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Distribution – Pick Your Poison

I realize that this post is a tad overdue. While it wasn’t intentional, let’s just say that I’ve been more than a little busy as of late. Hmm – could have something to do with Duality being named a 2019 IAN Book of the Year Awards Finalist!
Ahem, anyway…I guess that makes this particular post more timely than ever because I wanted to talk about distribution and some of the methods I have considered as well as methods I see others participating in as independent authors.
First, I should make something clear. Currently, my work is distributed solely through Amazon. Paperbacks are printed on demand and sold on Amazon.com, and the e-book version is available via Kindle Unlimited. I have no firsthand basis for comparison with having my work distributed¬†through any other means. Actually, it’s been my research while I decide what would be best for me that brought the idea of this post about. There could very well be a better way to do this.
Why did I choose Amazon? Amazon is huge in this market. To say that they’re a known entity is a gross understatement. I chose them because of their name and because of the easy process. However, I do realize that I want my books to have even more visibility and widespread availability than just going through one source.
So, what else is there? I’m going to give a list of names that I have researched and am becoming familiar with. It’s not for me to give any pros and cons of each because that varies based on the individual and would also make this post way too long. Some of the more popular choices are Ingram Publishing, Smashwords, and Lulu. The former two, in particular, also offer more widespread distribution to include Amazon, but also additional e-book choices such as the Nook and placement in the Apple Store. Lulu, however, has the ability to offer the author a larger royalty share by not charging distribution fees.
See why I’m not going so far as to tell you which to pick? Go with what’s right for YOU. I’ll say this much, though – now that I’m more aware of certain options, I may be making some changes of my own very soon. I’ve also very recently become aware of Draft2Digital, but haven’t yet researched it enough to comment much about it as of yet.
I’m glad that there are so many options. A writer can pick those aspects they feel most comfortable with and have the freedom to tailor his or her own “contract,” so to speak, which is something most independent authors might feel is denied to them if they sign a traditional contract.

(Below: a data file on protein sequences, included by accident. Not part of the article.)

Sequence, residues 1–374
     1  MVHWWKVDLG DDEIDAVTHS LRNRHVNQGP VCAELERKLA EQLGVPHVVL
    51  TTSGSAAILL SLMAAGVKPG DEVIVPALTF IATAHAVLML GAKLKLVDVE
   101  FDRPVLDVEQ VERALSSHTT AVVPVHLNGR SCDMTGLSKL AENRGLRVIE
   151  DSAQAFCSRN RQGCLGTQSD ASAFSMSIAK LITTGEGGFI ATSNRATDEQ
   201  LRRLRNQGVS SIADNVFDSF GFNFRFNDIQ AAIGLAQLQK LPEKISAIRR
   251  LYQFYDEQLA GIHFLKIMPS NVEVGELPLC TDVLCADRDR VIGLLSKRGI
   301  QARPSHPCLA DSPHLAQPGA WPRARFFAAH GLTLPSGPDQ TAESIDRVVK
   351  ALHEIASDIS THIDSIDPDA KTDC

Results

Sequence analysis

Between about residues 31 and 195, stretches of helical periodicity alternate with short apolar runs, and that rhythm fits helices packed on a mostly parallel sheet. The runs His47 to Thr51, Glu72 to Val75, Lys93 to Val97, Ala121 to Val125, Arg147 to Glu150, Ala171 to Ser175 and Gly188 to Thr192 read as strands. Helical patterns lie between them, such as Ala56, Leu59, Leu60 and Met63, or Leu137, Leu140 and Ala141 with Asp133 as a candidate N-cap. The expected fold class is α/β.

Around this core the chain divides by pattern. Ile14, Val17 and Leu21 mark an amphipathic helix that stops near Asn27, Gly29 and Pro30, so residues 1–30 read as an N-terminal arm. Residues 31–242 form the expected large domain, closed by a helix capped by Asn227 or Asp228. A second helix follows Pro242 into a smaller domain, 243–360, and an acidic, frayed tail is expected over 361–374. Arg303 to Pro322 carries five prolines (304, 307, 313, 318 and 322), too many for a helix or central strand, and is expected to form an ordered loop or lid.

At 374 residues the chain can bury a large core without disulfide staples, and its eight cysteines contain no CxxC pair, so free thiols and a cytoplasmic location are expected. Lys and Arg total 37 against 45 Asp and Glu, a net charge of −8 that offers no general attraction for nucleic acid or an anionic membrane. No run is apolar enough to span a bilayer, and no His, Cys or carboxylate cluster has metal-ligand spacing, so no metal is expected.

Going along with that, and something that has come up very recently in a discussion with an online forum is related more specifically to those of us publishing through Amazon. I was not aware until the other day that there are some who “look down” upon ISBN numbers that indicate that a book is independently published. In order to escape this stigma, some writers choose to buy “packs” of ISBN numbers elsewhere to apply to their books.
Is this really a thing? Well, for some it is. But, as far as I know, interest in Duality or Vitae hasn’t waned because I’m an independent author. I also don’t consider a book to be “less than” because the author isn’t traditionally signed. I’m not one to flip through a book to see whether “Independently Published” appears on an inside flap. But, acquiring an ISBN number is a huge part of the distribution process, so it goes along with the overall topic of discussion.
You may have noticed that I didn’t address vanity publishing. In case you aren’t aware, a vanity publisher is one that will charge the author upfront fees for a publishing package to sometimes include book cover design, editing, and distribution. Fees for such a service obviously vary, as does the quality of said service and the results it brings. Some vanity publishers want the entire amount upfront…some might even consent to take a percentage of the author’s sales until the fee is paid.
When I was 16 years old, a vanity publisher reached out to me. Even then, I didn’t think it was a good idea. I’m still not sure about it, though there are likely others who have chosen this path and will swear by it. As I said – whatever works for you.
The bottom line is that we have options and quite a number of great ones. We don’t have to settle for a one-size-fits-all business model for our work and can be free to compare, try, mix and match to our delight. As I mentioned, Duality was published and distributed solely on Amazon. Vitae likely will be as well. However, 2020 is shaping up to be something a little different, and I can’t wait.